Steven B. Miller, managing editor for Nevada Journal, is a native Nevadan. He grew up in and around the Humboldt County township of Winnemuca, which sits on the banks of northern Nevada’s Humboldt River.
The landscape is one of small ranches, worked-out and working mines, and intelligent, attractive, once-sheepherding Basque-American families. Products of an indigenous culture in the Pyrenees long respectful of local common law — but regularly attacked by Spain’s central governments — the Basques, ever since the 1830s, have relocated in repeated waves to Northern Nevada and Idaho.
Miller’s own family, coming out of Texas, was heavy with teachers — grandfather, grandmother, mother and older sister — and so, long before entering grade school, he had learned to read and was actively reading to learn.
Public school, subsequently, surprised him, as he’d expected something vital and engaging. Instead, as his first-grade teacher realized the extent of his vocabulary, she disengaged, ignored his appetite to learn and focused instead on the lagging students. Understandable, perhaps, but after running into two different sadistic teachers later in grammar school, he, too, was effectively disengaged.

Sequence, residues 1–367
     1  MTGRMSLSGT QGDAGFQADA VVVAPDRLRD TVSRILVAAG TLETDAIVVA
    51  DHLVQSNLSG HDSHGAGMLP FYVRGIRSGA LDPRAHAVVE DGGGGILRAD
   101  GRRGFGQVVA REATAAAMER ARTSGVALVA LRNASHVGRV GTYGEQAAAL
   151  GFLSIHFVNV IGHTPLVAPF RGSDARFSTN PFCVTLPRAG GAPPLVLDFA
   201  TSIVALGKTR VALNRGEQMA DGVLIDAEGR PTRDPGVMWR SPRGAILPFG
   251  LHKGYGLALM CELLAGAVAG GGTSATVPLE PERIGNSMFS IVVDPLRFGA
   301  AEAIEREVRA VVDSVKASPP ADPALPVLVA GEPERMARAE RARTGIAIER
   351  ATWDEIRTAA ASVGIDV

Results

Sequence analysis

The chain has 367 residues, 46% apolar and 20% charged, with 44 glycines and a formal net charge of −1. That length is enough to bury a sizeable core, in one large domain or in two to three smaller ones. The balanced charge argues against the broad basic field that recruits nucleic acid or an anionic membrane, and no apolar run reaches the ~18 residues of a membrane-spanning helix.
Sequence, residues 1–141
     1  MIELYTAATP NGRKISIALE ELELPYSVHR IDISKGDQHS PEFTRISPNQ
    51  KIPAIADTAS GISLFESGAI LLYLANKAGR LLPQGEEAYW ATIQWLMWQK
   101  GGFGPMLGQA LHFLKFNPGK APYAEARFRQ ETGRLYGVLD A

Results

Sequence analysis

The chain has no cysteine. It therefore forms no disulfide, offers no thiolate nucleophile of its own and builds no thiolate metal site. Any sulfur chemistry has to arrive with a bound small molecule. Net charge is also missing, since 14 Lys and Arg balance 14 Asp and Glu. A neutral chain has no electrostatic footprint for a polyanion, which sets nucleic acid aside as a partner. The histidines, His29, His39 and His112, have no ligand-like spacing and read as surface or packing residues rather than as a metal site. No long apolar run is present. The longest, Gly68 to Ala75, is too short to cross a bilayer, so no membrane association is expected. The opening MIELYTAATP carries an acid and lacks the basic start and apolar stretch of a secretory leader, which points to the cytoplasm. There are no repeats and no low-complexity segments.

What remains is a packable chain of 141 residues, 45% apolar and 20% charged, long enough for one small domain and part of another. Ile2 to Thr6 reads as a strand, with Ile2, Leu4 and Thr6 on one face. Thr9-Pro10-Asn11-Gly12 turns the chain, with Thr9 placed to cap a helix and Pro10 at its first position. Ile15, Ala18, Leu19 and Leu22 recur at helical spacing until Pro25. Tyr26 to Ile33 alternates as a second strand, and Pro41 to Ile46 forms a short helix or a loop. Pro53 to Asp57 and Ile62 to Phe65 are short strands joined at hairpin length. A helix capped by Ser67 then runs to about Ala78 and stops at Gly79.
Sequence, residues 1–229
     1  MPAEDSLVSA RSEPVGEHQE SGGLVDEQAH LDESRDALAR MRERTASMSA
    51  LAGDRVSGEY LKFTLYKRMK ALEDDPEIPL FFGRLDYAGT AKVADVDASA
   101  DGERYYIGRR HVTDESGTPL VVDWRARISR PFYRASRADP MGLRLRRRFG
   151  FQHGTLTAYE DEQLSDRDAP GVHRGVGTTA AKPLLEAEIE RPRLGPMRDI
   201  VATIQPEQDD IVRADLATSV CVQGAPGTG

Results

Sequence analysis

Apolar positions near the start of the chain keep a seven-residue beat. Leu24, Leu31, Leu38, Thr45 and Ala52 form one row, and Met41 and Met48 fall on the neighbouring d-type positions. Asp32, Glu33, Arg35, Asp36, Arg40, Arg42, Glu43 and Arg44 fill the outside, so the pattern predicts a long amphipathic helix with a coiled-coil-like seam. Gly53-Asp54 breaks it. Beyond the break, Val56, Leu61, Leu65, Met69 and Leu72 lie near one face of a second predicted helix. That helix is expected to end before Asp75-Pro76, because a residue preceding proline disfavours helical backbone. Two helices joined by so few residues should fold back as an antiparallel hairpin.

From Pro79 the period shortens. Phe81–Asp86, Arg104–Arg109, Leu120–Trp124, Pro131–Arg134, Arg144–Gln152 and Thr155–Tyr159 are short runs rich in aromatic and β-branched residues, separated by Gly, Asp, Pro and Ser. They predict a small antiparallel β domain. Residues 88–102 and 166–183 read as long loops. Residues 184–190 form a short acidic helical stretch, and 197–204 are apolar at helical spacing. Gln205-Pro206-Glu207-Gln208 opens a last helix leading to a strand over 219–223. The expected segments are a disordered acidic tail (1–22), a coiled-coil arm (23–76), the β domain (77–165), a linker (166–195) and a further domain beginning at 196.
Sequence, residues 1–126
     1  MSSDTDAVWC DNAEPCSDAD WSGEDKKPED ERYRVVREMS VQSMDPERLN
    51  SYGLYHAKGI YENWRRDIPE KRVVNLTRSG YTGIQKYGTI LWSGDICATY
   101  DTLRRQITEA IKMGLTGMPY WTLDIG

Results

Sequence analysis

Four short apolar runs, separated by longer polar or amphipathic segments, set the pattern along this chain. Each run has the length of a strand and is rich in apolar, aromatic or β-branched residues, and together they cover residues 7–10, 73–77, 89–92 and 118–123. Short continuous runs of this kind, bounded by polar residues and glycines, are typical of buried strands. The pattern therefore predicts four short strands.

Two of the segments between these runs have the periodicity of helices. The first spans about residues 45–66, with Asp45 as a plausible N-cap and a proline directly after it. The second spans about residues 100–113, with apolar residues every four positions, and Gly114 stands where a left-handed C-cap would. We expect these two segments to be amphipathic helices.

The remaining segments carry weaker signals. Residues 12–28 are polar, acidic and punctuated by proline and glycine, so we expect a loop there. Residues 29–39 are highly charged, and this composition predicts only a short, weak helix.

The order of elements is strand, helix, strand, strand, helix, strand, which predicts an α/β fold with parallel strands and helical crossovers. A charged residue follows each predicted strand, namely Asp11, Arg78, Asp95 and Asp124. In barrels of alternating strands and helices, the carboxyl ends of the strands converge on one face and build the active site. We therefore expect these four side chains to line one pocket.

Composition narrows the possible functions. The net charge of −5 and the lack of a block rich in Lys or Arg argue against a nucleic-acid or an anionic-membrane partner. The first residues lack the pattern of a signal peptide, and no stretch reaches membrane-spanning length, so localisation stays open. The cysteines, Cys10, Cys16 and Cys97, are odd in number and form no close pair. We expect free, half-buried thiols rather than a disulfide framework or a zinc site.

It was only later, when in the U.S. Army and able to pursue in the post library topics personally interesting to him, did Miller realize that in the 16-or-so years of public schooling, his curiosity and drive for learning had been effectively, systematically, anesthetized. That discovery — while he did not yet realize it — was major for him and would affect the rest of his life. It has also, no doubt, played a significant role in the quantity of education-related investigative reporting that is prominent on this Nevada Journal website.